Inspiring People Interview Personal Growth Resilience Vulnerability

How to jump-start your life by jumping off a bridge

September 19, 2016

I am doing a series on inspiring people who are changing their lives through trying new things, persevering, and overcoming obstacles and heartbreak. This interview is the second in the series. If you know someone I need to interview, or you have your own story you’d like to share, contact me and be the reason someone loves their life all over again (or maybe even for the first time).

14429150_10153662155896580_1621718077_nKym loves to shout at women to reach for their goals for just five more minutes… one more minute… 10, 9, 8…. When she tore her ACL in 2010 playing softball, she couldn’t use her body as she had been all her life, and she worried about her ability to continue on with fitness instruction.

The timing of the injury increased the degree of trauma she felt. Her beloved father had recently passed away, her marriage ended (by choice) and a subsequent relationship ended (not so much by choice). So much change in a short period of time would leave anyone feeling emotionally vulnerable. Now, she was weakened physically, too.

Through pursuit of fitness and playing sports, people build up excellent habits of endurance and striving. It’s the job of fitness instructors to find accommodations for people who cannot do a certain move or use a certain body part. Using her skills and habits for pressing forward and finding accommodations, Kym found ways to encourage her classes verbally and through body language alone. And all was well and good (enough).

Then she tore the ACL of her other knee, while skiing. Though she is moderately active on Facebook without sharing overly personal things, I knew about the injury through her Facebook posts and could tell that it was really getting her down.

KH: “The injury pushed me to a level of vulnerability that I had never experienced before. I am by nature fiercely independent and driven. This took away my ability to do so many things. I knew that the effort that I threw into remaining active in whatever capacity I could made me feel like me. I actually taught a spin class peddling with one leg and having the other grounded behind me in a brace. […] I jumped out of a marriage hoping that I could be independent and strong. I struggled through those two injuries and knew that I had arrived at a time of great independence, strength and self reliance in my life.”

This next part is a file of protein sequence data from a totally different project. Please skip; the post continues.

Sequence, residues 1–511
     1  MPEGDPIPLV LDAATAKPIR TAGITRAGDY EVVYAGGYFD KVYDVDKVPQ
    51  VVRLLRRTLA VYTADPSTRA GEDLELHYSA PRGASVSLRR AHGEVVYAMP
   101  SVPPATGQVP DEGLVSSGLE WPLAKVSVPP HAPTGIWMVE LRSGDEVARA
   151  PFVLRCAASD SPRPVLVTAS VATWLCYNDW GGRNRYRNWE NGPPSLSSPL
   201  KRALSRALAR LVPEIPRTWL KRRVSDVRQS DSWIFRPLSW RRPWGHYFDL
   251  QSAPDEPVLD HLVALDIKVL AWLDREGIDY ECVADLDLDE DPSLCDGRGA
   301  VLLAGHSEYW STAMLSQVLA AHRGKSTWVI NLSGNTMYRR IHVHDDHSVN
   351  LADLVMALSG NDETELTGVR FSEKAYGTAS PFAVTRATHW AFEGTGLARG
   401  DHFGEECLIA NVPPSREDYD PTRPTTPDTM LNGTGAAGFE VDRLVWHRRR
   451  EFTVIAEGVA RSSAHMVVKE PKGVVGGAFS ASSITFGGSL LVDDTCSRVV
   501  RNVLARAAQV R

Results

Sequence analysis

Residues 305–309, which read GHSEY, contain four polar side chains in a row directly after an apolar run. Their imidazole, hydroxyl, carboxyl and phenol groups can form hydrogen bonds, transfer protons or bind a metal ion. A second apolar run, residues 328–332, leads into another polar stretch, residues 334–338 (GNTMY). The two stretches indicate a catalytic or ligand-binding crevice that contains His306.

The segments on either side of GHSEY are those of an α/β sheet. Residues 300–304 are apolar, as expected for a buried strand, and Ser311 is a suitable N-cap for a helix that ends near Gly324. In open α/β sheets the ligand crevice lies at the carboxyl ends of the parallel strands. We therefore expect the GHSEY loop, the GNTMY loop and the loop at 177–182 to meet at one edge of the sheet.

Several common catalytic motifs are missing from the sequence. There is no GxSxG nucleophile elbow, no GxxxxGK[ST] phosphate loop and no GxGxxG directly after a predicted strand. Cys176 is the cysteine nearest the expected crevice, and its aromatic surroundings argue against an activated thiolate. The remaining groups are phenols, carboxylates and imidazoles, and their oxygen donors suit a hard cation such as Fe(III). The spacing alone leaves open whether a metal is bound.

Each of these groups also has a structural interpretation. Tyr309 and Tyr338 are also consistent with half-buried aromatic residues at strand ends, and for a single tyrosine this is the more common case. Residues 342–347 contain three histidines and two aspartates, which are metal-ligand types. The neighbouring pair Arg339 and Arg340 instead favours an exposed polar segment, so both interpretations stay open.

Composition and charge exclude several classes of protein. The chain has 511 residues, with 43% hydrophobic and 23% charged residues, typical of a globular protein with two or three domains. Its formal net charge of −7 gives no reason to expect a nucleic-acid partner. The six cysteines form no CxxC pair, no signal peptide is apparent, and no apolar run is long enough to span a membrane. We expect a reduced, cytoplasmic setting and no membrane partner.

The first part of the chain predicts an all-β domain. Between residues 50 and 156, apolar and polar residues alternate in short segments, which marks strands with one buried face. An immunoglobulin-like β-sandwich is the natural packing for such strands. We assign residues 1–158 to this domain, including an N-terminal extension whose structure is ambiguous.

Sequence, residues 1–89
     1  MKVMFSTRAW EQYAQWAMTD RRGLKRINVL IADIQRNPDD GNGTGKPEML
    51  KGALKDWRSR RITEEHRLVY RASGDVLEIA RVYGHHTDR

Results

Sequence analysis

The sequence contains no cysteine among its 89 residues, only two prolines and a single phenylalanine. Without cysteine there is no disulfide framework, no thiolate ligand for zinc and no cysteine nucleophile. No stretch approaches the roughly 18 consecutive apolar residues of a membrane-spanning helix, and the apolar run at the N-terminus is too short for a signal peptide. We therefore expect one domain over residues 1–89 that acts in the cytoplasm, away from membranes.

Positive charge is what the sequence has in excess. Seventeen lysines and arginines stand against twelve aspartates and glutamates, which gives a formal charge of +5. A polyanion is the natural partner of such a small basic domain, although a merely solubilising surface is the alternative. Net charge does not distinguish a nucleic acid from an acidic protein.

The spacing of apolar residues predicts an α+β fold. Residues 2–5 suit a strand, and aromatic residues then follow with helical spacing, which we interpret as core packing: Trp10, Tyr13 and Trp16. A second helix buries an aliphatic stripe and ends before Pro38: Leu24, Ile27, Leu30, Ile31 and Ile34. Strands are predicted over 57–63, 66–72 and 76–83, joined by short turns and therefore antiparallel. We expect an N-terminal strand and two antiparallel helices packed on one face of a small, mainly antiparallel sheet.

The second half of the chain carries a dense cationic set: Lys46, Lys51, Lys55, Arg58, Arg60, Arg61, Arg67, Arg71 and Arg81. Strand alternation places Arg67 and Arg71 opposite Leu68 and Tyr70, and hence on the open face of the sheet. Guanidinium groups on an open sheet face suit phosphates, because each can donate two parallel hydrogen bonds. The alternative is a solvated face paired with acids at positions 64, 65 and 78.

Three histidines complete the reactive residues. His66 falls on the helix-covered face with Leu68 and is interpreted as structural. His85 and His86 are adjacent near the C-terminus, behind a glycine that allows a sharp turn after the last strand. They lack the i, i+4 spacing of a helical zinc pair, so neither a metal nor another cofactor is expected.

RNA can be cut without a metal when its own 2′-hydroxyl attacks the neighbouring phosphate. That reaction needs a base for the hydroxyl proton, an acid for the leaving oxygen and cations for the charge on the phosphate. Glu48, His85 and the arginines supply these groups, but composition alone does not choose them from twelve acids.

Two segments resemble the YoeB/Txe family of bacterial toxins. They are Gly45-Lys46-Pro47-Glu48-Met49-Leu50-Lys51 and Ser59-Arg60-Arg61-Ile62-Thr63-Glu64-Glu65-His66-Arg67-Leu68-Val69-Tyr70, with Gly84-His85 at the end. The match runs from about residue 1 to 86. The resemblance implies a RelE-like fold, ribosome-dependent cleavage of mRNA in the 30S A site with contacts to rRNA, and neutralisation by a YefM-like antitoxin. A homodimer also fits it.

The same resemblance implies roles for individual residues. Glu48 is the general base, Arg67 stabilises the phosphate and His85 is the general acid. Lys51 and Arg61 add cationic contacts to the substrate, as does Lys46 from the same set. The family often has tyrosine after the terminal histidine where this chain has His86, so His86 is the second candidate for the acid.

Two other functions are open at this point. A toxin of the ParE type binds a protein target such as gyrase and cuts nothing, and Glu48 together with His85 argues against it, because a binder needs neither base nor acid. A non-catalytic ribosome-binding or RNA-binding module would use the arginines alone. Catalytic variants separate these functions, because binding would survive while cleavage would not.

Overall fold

Me: “But you weren’t ready to go back to skiing yet.”

KH: “The body healed before the mind did. Physically I was good to go, but emotionally I couldn’t put myself back on the hill. The fear of hurting myself again was paralyzing.”

Me: “So, why did you decide to go bungee jumping? Is this something you had been wanting to do for a while?”

KH: “No. I needed to do something to prove to myself that I was in control of my fears. This was it. I was worried about my knee even though by 2012, it was healed post-surgery. I needed to push myself back into a place where I felt like I could do anything, because I felt so lost. [The bungee jumping] was a celebration of knowing I had weathered a huge storm, been torn down both emotionally and physically and had come out a stronger, better and more fearless person because of it.”


Me: “On a level of 1 (a yawn) to 10 (passing out from terror), where were you before you jumped? And no one pushed you, right? You just jumped when you were expected to at the end of the countdown?”

KH: “Climbing the tower was an 8. Harness fitting: 9. Walking out on the boom: 7. Standing with my feet over the edge: 8.9. Hearing that guy say, ‘ONE!’ was an 8. The moment my feet left the platform: 15.